David Bourget (Western Ontario)
David Chalmers (ANU, NYU)
Rafael De Clercq
Ezio Di Nucci
Jack Alan Reynolds
Learn more about PhilPapers
International Journal of Applied Philosophy 25 (1):87-106 (2011)
In this essay, I argue that colleges and universities should permit hazing. I argue that if hazing is wrong, then it wrongs someone and if it wrongs someone then it violates someone’s right. Hazing does not violate someone’s right when the person who is hazed gives informed consent. I then argue that because hazing is permissible, colleges should permit it. I consider and respond to objections that hazing is wrong for reasons that are not right-based. Here I consider objections relating to deception, coercion, unnecessary harm, degradation, and exploitation. I also consider two more objections. First, hazing is wrong because it violates the colleges’ rights. Second, colleges need not permit hazing because they own the rights to the groups or the materials that the groups use and hence they may exercise their property rights in such a way as to make hazing wrong
|Keywords||No keywords specified (fix it)|
|Categories||categorize this paper)|
Setup an account with your affiliations in order to access resources via your University's proxy server
Configure custom proxy (use this if your affiliation does not provide a proxy)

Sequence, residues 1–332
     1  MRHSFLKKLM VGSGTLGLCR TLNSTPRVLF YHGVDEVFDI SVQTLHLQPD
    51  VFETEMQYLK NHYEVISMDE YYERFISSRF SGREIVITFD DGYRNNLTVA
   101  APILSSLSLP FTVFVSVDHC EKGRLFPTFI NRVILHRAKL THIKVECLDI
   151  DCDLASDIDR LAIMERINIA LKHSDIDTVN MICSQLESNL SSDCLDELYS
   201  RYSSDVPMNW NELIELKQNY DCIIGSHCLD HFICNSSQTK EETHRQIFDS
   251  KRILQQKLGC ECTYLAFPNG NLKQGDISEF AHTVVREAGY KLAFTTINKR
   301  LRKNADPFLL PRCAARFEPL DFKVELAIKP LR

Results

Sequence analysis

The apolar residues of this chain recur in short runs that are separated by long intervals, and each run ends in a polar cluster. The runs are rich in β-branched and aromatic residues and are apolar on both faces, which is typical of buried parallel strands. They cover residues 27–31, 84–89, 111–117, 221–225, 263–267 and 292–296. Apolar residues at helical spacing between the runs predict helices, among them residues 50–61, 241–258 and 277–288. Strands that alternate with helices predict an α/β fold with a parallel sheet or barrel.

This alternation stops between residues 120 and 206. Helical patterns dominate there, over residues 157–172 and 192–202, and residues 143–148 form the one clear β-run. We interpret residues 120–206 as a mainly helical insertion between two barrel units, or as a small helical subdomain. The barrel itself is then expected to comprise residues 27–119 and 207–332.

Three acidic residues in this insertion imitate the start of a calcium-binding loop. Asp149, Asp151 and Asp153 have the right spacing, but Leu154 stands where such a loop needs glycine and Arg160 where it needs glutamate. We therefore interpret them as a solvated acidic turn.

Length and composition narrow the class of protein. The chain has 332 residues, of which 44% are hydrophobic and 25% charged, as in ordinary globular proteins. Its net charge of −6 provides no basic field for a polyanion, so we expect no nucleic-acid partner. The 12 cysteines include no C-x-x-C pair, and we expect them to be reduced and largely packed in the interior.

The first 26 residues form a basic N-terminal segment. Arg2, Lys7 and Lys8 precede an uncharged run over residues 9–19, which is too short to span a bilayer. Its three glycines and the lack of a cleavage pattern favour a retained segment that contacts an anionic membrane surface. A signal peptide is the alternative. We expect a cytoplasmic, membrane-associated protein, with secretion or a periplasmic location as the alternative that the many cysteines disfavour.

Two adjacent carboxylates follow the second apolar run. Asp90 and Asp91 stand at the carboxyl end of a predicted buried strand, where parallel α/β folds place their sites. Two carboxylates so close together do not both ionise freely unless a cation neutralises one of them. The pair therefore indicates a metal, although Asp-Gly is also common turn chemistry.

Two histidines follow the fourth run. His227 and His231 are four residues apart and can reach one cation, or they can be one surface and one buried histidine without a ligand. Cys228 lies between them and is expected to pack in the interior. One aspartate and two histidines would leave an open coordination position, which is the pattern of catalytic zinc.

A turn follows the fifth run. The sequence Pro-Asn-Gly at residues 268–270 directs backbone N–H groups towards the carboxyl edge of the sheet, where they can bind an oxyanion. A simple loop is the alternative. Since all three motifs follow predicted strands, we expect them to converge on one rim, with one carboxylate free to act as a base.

|Through your library|
References found in this work BETA
No references found.
Citations of this work BETA
No citations found.
Similar books and articles
Michael Cholbi (2009). On Hazing. Public Affairs Quarterly 23 (2):143-159.
Jacobus Pontanus, S. J., Paul Richard Blum & Thomas McCreight (2009). Soldier or Scholar: Stratocles or War. Apprendice House.
Gregory Scott Parks & Matthew W. Hughey, Jurisprudence, Sociology, Problem-Solving, & Democratic Values: Propounding a Critical & Empirical Black "Greek" Scholarship.
Kwame Anthony Appiah (2011). “Group Rights” and Racial Affirmative Action. Journal of Ethics 15 (3):265-280.
Ori J. Herstein (2012). Defending the Right To Do Wrong. Law and Philosophy 31 (3):343-365.
Stephen Kershnar (2005). For Interrogational Torture. International Journal of Applied Philosophy 19 (2):223-241.
James Wilson (2009). Could There Be a Right to Own Intellectual Property? Law and Philosophy 28 (4):393 - 427.
Marilyn Fischer (1984). Intentions, Rights and Wrongs. Philosophy Research Archives 10:239-247.
Philip Stratton-Lake (2003). Scanlon, Permissions, and Redundancy: Response to McNaughton and Rawling. Analysis 63 (4):332–337.
Paul Graham (1996). The Will Theory of Rights: A Defence. [REVIEW] Law and Philosophy 15 (3):257 - 270.
Evelyn B. Pluhar (2006). Experimentation on Humans and Nonhumans. Theoretical Medicine and Bioethics 27 (4):333-355.
Jason K. M. Hanna (2010). Revisiting Child-Based Objections to Commercial Surrogacy. Bioethics 24 (7):341-347.
Robert Mayer (2007). What's Wrong with Exploitation? Journal of Applied Philosophy 24 (2):137–150.
Added to index2011-12-02
Total downloads38 ( #103,220 of 1,790,533 )
Recent downloads (6 months)7 ( #124,349 of 1,790,533 )
How can I increase my downloads?